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The goal of Cityscape is to bring high-quality original research on housing and community development issues to scholars, government officials, and practitioners. Cityscape is open to all relevant disciplines, including architecture, consumer research, demography, economics, engineering, ethnography, finance, geography, law, planning, political science, public policy, regional science, sociology, statistics, and urban studies.

Cityscape is published three times a year by the Office of Policy Development and Research (PD&R) of the U.S. Department of Housing and Urban Development.


 
  • Youth Homelessness
  • Volume 20, Number 3
  • Managing Editor: Mark D. Shroder
  • Associate Editor: Michelle P. Matuga
 

Street Vending in the United States: A Unique Dataset from a Survey of Street Vendors in America’s Largest Cities

Dick M. Carpenter II
Institute for Justice and University of Colorado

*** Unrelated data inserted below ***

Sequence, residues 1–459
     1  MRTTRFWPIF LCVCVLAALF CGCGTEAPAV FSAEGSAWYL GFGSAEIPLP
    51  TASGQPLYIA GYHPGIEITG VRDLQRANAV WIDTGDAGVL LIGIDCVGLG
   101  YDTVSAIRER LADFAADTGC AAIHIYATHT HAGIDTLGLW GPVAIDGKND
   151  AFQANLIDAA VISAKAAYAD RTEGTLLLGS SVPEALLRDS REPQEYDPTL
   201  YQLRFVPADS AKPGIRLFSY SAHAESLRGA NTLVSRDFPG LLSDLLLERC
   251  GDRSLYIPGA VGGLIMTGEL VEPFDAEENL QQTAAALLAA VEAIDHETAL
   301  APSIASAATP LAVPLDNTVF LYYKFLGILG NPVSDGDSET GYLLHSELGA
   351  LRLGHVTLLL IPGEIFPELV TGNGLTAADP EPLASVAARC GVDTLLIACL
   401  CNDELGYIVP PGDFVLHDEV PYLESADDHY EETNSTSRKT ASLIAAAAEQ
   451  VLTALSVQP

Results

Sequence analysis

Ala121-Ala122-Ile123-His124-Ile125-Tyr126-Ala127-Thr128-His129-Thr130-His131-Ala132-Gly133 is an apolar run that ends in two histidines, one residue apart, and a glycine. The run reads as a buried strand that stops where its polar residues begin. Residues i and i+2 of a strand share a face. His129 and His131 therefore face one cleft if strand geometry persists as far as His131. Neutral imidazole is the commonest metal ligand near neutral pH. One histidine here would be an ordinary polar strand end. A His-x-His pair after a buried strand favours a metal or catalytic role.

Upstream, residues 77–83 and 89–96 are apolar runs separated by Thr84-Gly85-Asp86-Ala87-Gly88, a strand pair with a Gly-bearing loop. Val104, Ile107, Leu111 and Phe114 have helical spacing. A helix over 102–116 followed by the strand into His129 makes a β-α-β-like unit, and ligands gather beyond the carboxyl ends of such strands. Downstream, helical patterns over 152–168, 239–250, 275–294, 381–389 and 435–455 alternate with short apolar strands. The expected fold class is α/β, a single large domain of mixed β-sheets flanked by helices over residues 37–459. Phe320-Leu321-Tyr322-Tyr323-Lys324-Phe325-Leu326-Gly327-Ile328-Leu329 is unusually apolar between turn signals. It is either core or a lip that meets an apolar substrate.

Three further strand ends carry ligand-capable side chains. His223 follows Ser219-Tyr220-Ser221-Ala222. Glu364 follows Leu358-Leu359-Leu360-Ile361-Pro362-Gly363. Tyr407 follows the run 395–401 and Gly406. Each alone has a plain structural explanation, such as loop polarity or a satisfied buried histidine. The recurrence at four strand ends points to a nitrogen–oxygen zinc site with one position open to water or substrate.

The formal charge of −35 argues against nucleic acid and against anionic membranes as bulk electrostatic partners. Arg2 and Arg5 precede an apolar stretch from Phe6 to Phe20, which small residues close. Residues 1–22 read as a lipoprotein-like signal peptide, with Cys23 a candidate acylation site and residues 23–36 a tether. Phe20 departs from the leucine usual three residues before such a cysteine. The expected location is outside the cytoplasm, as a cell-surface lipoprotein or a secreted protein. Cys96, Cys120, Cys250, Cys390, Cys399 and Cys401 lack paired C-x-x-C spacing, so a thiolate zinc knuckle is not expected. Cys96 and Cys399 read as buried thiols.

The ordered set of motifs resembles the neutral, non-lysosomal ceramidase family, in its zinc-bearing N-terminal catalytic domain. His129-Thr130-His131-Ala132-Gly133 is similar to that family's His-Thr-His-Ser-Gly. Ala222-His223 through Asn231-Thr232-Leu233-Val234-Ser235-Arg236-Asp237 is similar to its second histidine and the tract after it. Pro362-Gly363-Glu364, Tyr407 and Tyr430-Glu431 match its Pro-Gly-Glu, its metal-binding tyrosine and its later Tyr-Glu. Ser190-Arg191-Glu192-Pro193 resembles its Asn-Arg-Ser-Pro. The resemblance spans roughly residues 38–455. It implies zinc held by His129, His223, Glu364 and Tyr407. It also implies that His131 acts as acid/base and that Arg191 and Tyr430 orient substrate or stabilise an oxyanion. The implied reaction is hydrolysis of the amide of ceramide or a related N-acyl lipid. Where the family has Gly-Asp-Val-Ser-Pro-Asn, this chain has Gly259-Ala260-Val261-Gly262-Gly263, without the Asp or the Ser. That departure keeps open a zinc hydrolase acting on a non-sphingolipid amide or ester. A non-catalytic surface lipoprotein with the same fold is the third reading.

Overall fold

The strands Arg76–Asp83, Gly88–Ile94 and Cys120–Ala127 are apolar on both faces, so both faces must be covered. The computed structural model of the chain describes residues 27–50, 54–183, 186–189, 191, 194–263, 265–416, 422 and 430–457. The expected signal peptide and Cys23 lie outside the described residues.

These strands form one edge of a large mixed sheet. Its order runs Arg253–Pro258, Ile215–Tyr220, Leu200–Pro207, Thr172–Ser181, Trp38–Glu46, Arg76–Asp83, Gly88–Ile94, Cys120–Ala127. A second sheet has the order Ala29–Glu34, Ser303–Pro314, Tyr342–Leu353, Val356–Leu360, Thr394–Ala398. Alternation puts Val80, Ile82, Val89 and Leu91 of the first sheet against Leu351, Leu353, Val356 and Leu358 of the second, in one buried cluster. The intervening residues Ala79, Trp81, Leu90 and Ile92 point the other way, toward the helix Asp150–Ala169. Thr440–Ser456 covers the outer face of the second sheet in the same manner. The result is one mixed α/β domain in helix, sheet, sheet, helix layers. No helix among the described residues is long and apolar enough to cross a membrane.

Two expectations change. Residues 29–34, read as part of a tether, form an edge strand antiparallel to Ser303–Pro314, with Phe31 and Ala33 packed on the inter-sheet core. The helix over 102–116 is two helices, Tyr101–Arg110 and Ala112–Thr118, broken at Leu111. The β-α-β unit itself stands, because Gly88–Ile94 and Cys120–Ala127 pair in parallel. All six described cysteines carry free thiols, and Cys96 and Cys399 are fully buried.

The data described in this article come from an original survey of street vendors in the 50 largest cities in the United States. One of the most persistent, although little understood, features of the urban American environment, street vending is defined as “the retail or wholesale trading of goods and services in streets and other related public axes such as alleyways, avenues and boulevards” (Bromley, 2000: 1). Some vending occurs in a fixed location, whereas other vending is mobile and makes use of carts, tricycles, or motor vehicles. Vending may be practiced full time, part time, seasonally, or occasionally by businesses ranging from one-person micro-enterprises through numerous forms of partnerships, family businesses, franchisees, pieceworkers, and wageworkers of brick-and-mortar firms (Bromley, 2000).


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